Britons are currently advised to eat fish at least twice a week, including one portion of oily fish. A portion is 140g or six ounces.

The human body cannot produce omega-3 fatty acids and the best dietary source is oily fish.  Types of fish that contain high levels include tuna, salmon, mackerel, herring, sardines, and anchovies.


NHS rules say do it immediately, but cutting the umbilical cord too early may be putting babies at risk

Amanda Burleigh is a midwife with a mission. She wants the official NHS clinical guidelines on childbirth to be changed, so that newborns’ umbilical cords are not clamped immediately, but are left attached for at least two to five minutes.

Ms Burleigh, a midwife for 16 years, has been busily lobbying Britain’s professional organisations to achieve this. Now she has launched a mass petition on the internet.

To many people, the precise time at which a baby’s umbilical cord gets clamped may sound like a niggling detail in the great drama of childbirth — or merely the obsessive stuff of hippy-dippy Earth mothers.

The umbilical cord connects the developing baby to the mother’s placenta, supplying it with oxygenated, nutrient-rich blood. The practice of immediately clamping the cord after birth is currently widespread in NHS hospitals.

But, as Ms Burleigh points out in her petition, a growing weight of respected scientific research is linking early clamping with a host of serious developmental problems.

Independently published clinical studies and reports say that these may include anaemia, learning difficulties, ADHD, autism and even sudden death.

The scientific evidence convinced bodies such as the Royal College of Midwives and the Royal College of Obstetricians and Gynaecologists to change their guidelines last November to recommend delaying clamping for around three minutes after delivery.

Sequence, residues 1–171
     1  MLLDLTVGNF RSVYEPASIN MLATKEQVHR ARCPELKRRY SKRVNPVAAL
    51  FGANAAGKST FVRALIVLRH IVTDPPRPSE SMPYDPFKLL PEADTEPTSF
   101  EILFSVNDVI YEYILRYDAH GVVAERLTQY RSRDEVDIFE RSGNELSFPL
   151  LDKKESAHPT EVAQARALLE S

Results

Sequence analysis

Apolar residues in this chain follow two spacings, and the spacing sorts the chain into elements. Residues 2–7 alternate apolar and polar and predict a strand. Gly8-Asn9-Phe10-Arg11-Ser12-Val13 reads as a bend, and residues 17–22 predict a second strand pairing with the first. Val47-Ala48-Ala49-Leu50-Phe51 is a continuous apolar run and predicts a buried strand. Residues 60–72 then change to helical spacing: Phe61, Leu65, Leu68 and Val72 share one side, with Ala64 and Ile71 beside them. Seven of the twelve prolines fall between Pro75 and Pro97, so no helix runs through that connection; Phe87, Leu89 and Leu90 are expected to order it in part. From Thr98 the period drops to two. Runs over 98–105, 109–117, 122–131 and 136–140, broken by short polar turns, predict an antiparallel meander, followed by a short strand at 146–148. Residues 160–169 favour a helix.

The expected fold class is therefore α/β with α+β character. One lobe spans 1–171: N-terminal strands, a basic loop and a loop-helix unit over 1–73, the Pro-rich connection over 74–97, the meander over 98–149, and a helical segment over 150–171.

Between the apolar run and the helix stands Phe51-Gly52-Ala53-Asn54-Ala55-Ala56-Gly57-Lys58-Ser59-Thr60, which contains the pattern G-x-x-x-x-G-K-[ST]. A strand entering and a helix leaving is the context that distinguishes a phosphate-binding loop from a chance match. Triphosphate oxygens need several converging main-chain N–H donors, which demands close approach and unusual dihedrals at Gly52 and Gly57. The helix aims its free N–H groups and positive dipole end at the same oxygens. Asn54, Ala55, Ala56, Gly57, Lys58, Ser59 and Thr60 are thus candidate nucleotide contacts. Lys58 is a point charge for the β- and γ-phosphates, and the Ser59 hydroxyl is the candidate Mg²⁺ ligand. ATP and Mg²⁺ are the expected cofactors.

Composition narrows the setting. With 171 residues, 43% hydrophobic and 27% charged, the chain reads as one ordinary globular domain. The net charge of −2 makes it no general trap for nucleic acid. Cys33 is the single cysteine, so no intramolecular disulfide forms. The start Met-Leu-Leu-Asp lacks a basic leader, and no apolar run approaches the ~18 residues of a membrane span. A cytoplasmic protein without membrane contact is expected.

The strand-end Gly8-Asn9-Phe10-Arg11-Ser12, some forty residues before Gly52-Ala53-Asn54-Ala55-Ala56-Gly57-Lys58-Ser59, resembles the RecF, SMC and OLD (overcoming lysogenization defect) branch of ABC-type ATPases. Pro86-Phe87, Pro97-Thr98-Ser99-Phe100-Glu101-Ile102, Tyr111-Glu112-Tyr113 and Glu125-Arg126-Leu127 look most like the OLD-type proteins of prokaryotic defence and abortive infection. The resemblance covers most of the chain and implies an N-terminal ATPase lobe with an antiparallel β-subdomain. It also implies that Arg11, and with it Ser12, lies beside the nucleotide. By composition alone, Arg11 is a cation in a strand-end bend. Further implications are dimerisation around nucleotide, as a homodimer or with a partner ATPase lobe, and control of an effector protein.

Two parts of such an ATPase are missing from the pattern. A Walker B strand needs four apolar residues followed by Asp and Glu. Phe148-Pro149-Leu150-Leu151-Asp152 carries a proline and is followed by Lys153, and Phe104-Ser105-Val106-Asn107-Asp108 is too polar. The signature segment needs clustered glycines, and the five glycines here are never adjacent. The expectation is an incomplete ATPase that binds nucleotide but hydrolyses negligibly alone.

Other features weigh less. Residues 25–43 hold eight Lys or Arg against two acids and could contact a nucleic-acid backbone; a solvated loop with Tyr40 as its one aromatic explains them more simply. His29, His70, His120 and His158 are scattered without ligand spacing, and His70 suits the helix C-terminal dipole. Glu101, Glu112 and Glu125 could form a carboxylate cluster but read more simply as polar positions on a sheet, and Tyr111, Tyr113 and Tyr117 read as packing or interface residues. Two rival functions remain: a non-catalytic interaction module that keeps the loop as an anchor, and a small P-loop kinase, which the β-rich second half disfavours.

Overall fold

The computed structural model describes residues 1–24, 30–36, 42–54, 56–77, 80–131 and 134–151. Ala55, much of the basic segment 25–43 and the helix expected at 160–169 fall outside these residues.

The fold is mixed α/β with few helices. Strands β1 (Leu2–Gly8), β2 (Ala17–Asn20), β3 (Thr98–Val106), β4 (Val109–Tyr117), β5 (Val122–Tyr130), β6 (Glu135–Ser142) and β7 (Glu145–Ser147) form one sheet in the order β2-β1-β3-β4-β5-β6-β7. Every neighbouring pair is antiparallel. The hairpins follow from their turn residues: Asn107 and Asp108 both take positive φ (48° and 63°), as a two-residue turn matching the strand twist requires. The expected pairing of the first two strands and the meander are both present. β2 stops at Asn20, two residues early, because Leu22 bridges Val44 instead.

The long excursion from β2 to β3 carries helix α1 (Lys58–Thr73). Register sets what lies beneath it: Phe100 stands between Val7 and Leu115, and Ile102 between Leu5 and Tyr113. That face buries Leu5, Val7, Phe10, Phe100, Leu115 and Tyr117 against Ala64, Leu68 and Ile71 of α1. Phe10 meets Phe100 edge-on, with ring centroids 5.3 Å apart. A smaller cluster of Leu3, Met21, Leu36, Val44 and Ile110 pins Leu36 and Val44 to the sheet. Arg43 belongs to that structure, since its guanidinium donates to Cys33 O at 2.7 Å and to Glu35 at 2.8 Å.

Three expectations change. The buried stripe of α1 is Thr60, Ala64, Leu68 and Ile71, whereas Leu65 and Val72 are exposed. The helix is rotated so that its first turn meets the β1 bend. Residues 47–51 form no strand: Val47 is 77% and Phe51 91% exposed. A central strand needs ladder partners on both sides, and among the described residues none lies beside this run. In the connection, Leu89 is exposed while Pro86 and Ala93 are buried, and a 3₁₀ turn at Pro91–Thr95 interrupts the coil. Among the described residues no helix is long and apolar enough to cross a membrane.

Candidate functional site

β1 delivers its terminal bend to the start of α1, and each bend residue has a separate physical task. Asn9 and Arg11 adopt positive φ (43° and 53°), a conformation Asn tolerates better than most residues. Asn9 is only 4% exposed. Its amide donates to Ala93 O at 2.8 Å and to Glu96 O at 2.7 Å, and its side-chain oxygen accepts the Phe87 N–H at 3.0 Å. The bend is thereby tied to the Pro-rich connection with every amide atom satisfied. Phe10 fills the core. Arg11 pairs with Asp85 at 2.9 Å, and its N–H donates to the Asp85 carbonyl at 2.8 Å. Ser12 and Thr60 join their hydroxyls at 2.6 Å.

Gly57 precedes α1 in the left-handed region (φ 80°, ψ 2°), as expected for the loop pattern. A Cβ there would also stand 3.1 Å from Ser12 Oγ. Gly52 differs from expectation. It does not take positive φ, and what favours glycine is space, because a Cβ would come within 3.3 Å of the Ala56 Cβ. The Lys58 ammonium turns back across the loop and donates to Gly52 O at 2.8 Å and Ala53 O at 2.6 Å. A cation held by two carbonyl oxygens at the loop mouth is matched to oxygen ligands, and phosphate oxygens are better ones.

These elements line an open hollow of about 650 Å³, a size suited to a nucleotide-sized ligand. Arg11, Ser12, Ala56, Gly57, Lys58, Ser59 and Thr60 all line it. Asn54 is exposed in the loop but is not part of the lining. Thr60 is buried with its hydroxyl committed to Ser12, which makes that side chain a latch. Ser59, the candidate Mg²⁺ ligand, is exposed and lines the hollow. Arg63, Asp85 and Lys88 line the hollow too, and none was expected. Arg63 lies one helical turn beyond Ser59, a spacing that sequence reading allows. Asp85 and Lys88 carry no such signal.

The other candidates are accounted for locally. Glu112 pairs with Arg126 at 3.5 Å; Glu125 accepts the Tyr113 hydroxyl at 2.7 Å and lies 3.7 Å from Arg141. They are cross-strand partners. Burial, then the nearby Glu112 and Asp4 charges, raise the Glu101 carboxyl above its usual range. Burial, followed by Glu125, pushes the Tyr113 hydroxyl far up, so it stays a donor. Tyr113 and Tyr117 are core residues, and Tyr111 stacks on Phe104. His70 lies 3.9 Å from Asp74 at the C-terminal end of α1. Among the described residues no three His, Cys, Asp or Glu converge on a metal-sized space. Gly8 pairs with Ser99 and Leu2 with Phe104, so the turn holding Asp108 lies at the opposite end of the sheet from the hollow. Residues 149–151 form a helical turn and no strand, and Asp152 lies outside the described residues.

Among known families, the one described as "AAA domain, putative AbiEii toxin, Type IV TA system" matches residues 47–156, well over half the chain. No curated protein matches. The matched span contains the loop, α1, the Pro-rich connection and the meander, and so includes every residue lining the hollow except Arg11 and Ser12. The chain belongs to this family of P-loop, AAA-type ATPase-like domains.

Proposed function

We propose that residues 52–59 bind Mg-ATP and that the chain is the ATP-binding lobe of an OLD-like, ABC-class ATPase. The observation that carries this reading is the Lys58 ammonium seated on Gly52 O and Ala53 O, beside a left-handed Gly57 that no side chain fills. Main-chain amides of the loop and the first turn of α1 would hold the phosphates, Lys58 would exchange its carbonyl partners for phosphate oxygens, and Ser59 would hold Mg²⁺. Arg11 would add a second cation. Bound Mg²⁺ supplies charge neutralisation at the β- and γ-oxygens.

The Royal College of Midwives was inspired to make the change by a survey of clinical evidence published by the highly respected Cochrane Review. This came down in favour of delayed clamping — though it did say that doing so may increase the risk of the infants suffering from jaundice.

But the official NHS guidelines still state that the cord should be cut within 30 seconds. That guidance is set to remain unchanged for the time being.

In fact, immediate clamping of the umbilical cord is only a comparatively recent practice. In the 19th century, it was thought that it was better to delay clamping.

Charles Darwin’s grandfather, the physician Erasmus Darwin, wrote in 1801: ‘Very injurious to the child is the tying of the navel string too soon. It should be left till all pulsation in the cord ceases. Otherwise the child is much weaker than it ought to be, a portion of the blood being left in the placenta, which ought to have been in the child.’

And even when the first commercial cord-clamping devices were advertised in the Lancet in the 1890s, the instructions directed that they should be applied only after the cord ceased to pulsate.

However, immediate cord clamping became widely adopted in the Fifties.

A theory emerged that it would help to minimise the amount of anaesthetic a baby might get from its mother’s blood.  This theory has since been disproved, but in the highly medicalised world of modern healthcare, the practice continued to spread because it sped up the birthing process, and speed was considered to be key to efficiency.

Furthermore, no one actually challenged immediate clamping as dangerous. Ms Burleigh, a mother of two boys aged 16 and 19, began questioning the practice seven years ago.

‘I started thinking about the number of children I was encountering who had special educational needs including ADHD and health conditions such as asthma, allergies and hearing problems.’ When she looked into it, there seemed to be no good reason for cutting the cord immediately — and plenty of reasons against it.

In recent years expert reports have begun to link it to serious risks in childbirth and possibly in later life. Just over a year ago, a study in the British Medical Journal found that babies clamped early were significantly more likely to be anaemic at four months old than those whose clamping was delayed.